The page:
“One option is to either reinstall windows, or install on anothr “part” of your hard drive. There are many sources for XP (or Vista) these days if you need to buy it again, but they do cost money. Each software product that you don’t have disks for would have to be purchased, including MS Office. While one can sometimes buy these things used on eBay, MS does not support this and frowns upon it. If you don’t necessarily need windows itself, you can copy your files to a floppy, cd, or flash drive and then try one of the free Linux systems like Ubuntu which provides an office solution and can read most of your files and documents.”I don’t think they would have killed that one… yet it gets your point across. I don’t think Y! has anything against open source (they use tons of it in house) but they are clearly cracking down on comments which aren’t really on topic.(Me)
    As far as I was and am concerned, the other posters covered this quite well… why repeat it?
    That’s why I pointed out what I considered the others missed – that Windows doesn’t have everything included like some people think, and that IF she was going to wipe her computer anyways (have you seen an installation of Windows that didn’t? I haven’t.) she might as well try something low cost.
    Besides… you don’t have to install Ubuntu to use it. *wink*
  3. Read the rest of this entry »

Yahoo + Open Source Censorship. A second follow-up.

{Multi-post navigation}
Yahoo! Answers is rejecting Open-Source options in answers (the original post that started it all)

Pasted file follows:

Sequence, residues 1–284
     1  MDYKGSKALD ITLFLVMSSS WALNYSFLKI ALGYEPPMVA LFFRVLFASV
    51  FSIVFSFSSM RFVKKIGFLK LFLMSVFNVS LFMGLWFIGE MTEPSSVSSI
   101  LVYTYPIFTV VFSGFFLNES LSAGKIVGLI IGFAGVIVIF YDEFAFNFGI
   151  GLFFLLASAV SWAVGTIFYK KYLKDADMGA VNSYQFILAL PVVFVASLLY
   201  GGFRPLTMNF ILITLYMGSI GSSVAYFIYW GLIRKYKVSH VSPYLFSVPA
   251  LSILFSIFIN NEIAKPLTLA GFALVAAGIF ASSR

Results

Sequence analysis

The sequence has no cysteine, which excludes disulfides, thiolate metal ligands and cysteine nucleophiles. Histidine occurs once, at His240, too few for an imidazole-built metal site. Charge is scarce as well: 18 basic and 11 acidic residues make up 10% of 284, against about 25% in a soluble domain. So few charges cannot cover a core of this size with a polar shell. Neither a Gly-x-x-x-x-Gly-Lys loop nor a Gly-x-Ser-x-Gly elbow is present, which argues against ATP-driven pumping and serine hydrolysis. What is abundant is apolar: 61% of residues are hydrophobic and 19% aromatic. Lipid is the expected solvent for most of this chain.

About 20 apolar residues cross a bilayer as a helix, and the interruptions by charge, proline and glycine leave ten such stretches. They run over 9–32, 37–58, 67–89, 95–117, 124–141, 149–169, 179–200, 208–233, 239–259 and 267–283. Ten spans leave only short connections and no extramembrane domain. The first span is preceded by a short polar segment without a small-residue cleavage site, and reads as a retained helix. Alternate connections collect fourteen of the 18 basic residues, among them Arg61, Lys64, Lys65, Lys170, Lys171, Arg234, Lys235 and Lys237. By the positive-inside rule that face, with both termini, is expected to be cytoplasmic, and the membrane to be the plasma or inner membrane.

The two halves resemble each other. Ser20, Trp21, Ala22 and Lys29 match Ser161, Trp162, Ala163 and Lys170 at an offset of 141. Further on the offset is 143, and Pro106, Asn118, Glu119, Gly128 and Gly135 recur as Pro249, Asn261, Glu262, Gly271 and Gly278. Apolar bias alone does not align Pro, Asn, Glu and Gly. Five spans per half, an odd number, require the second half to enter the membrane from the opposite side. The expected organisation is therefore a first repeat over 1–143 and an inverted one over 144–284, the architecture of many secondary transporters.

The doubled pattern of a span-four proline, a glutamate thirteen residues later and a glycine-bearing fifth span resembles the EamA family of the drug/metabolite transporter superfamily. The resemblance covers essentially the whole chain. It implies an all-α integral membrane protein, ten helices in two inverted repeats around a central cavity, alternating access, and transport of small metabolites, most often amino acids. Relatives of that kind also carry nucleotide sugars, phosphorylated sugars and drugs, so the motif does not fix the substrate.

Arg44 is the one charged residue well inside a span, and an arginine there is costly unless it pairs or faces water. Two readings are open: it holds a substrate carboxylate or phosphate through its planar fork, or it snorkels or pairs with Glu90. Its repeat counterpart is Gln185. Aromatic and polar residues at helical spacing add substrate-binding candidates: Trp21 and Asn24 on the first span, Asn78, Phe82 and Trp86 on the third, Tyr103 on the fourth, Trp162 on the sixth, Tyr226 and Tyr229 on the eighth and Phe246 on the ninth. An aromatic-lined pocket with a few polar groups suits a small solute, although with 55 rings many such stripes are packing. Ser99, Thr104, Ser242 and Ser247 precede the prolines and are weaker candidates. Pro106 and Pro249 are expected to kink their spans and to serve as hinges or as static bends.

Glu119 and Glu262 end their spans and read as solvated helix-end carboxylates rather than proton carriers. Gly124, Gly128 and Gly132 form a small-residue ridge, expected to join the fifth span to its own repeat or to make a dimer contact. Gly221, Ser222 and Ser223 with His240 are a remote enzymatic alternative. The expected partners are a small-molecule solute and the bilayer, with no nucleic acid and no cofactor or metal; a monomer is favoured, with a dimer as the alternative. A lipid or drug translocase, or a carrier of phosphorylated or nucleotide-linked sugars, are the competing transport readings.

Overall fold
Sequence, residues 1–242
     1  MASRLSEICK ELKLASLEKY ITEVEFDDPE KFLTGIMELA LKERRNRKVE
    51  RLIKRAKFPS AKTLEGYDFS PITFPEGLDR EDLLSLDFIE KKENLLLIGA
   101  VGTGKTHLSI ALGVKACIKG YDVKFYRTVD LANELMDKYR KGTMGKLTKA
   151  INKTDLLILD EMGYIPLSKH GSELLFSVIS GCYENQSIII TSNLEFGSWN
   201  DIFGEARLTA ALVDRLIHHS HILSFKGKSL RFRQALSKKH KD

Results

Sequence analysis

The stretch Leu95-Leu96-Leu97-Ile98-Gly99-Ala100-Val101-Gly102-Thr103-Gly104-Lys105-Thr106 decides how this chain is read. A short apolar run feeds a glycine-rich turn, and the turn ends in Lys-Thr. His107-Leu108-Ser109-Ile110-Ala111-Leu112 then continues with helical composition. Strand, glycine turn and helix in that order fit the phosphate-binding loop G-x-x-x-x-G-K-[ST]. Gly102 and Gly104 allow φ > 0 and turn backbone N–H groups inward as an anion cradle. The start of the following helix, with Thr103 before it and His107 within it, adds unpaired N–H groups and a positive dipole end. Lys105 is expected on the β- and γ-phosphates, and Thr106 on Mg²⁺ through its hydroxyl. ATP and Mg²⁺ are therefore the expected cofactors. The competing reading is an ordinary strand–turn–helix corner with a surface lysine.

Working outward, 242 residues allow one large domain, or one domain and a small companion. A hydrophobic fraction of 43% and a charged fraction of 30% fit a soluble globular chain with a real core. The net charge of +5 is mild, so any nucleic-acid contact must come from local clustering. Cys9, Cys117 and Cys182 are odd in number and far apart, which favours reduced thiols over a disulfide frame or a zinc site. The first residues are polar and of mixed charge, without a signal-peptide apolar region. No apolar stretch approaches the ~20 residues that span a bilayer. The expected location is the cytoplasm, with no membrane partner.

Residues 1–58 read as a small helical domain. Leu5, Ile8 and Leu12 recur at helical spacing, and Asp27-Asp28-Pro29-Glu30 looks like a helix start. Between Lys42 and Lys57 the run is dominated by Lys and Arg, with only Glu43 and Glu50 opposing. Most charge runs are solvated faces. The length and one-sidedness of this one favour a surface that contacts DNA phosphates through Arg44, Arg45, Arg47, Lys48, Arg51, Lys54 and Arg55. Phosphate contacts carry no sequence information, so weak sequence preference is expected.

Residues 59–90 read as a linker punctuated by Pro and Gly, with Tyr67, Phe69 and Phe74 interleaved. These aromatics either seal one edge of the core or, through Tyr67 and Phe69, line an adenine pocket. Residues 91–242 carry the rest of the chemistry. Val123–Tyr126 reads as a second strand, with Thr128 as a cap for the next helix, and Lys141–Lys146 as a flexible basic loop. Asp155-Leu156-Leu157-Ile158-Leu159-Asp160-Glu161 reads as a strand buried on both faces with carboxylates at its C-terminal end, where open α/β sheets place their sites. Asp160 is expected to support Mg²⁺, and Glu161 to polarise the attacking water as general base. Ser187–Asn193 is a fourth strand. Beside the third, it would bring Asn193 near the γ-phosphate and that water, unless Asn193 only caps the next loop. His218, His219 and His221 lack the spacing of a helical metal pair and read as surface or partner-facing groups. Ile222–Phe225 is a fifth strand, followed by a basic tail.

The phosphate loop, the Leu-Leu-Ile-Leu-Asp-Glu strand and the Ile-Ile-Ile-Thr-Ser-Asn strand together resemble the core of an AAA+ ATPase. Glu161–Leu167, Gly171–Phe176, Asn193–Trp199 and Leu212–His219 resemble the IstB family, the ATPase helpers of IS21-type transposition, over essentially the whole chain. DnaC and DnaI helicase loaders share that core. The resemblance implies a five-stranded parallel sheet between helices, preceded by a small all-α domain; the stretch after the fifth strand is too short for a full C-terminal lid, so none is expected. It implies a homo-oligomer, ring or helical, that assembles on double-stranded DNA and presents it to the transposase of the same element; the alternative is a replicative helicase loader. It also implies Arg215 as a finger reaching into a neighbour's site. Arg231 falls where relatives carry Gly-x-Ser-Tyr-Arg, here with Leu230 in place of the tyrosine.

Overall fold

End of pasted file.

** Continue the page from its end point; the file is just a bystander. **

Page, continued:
Follow-up: Yahoo Answers censoring Open-source options (a response to the first site to pick up my story)

Yahoo + Open Source Censorship. A second follow-up (responses to comments)

Yahoo Answers Censorship? Follow-up #3 (more responses to comments)

Yahoo Answers + Open Source Censorship. Yahoo’s reason and the question in… question.
Summary: A full recap with Yahoo’s official reason and the question at the center of this issue.

{The actual post}

  1. Malician Says:
    June 22nd, 2007 at 1:37 am e
    Well – I hate to allege shady dealings with Microsoft, though Yahoo has tight dealings with them. Normally, I could see Yahoo annoyed at what might look as a recommendation for another product – but Linux Live CDs are free, and – it’s not like you can get a free Windows Live CD, is it?I don’t see what serious qualm they could possibly have.(Me)
    I don’t know what the issue was either – her computer was toast. She was asking where she could get a restore CD or how much XP CD’s / DVD’s were. Hence my wording – “If you’re going to wipe it anyways…”
  2. Niklas Says:
    June 22nd, 2007 at 3:46 am e
    Now I’m 100% sure that I’ll never use any Yahoo services (not because I do anyway). This just isn’t democratic. What about freedom of speech?! Even though I’m not the big open source fan, I think this is very wrong and shouldn’t have happened. But normal people can’t do anything about it, but stop using Yahoo’s services(Me)
    I think what happened was that some MS fans didn’t like my suggestions and flagged me. It happens…